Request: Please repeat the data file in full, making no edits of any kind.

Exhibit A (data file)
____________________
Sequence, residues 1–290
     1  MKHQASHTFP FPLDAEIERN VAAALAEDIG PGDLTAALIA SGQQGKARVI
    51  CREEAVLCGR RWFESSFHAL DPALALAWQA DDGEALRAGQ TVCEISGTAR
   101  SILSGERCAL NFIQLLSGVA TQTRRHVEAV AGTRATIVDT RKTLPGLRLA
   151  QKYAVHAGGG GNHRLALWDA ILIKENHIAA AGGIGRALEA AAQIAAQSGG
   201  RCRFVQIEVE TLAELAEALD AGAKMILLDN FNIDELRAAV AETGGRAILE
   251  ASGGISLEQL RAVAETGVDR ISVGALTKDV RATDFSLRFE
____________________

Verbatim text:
Sequence, residues 1–290
     1  MKHQASHTFP FPLDAEIERN VAAALAEDIG PGDLTAALIA SGQQGKARVI
    51  CREEAVLCGR RWFESSFHAL DPALALAWQA DDGEALRAGQ TVCEISGTAR
   101  SILSGERCAL NFIQLLSGVA TQTRRHVEAV AGTRATIVDT RKTLPGLRLA
   151  QKYAVHAGGG GNHRLALWDA ILIKENHIAA AGGIGRALEA AAQIAAQSGG
   201  RCRFVQIEVE TLAELAEALD AGAKMILLDN FNIDELRAAV AETGGRAILE
   251  ASGGISLEQL RAVAETGVDR ISVGALTKDV RATDFSLRFE